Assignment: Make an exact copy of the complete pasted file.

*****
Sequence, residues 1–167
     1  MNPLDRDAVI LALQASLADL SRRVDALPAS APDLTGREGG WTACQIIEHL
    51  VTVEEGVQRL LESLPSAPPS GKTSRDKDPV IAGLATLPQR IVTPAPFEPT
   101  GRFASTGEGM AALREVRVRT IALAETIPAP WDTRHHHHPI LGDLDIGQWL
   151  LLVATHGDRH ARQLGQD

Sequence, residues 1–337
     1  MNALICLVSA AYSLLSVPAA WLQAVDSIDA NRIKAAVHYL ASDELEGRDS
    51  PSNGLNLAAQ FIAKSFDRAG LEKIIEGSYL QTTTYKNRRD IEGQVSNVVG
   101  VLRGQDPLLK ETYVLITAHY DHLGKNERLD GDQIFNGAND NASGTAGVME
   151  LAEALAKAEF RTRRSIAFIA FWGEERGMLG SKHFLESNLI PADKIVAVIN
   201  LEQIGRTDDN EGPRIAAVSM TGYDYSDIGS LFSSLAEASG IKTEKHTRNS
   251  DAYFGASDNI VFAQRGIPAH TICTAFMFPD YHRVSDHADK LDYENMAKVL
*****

Sequence, residues 1–167
     1  MNPLDRDAVI LALQASLADL SRRVDALPAS APDLTGREGG WTACQIIEHL
    51  VTVEEGVQRL LESLPSAPPS GKTSRDKDPV IAGLATLPQR IVTPAPFEPT
   101  GRFASTGEGM AALREVRVRT IALAETIPAP WDTRHHHHPI LGDLDIGQWL
   151  LLVATHGDRH ARQLGQD

Sequence, residues 1–337
     1  MNALICLVSA AYSLLSVPAA WLQAVDSIDA NRIKAAVHYL ASDELEGRDS
    51  PSNGLNLAAQ FIAKSFDRAG LEKIIEGSYL QTTTYKNRRD IEGQVSNVVG
   101  VLRGQDPLLK ETYVLITAHY DHLGKNERLD GDQIFNGAND NASGTAGVME
   151  LAEALAKAEF RTRRSIAFIA FWGEERGMLG SKHFLESNLI PADKIVAVIN
   201  LEQIGRTDDN EGPRIAAVSM TGYDYSDIGS LFSSLAEASG IKTEKHTRNS
   251  DAYFGASDNI VFAQRGIPAH TICTAFMFPD YHRVSDHADK LDYENMAKVL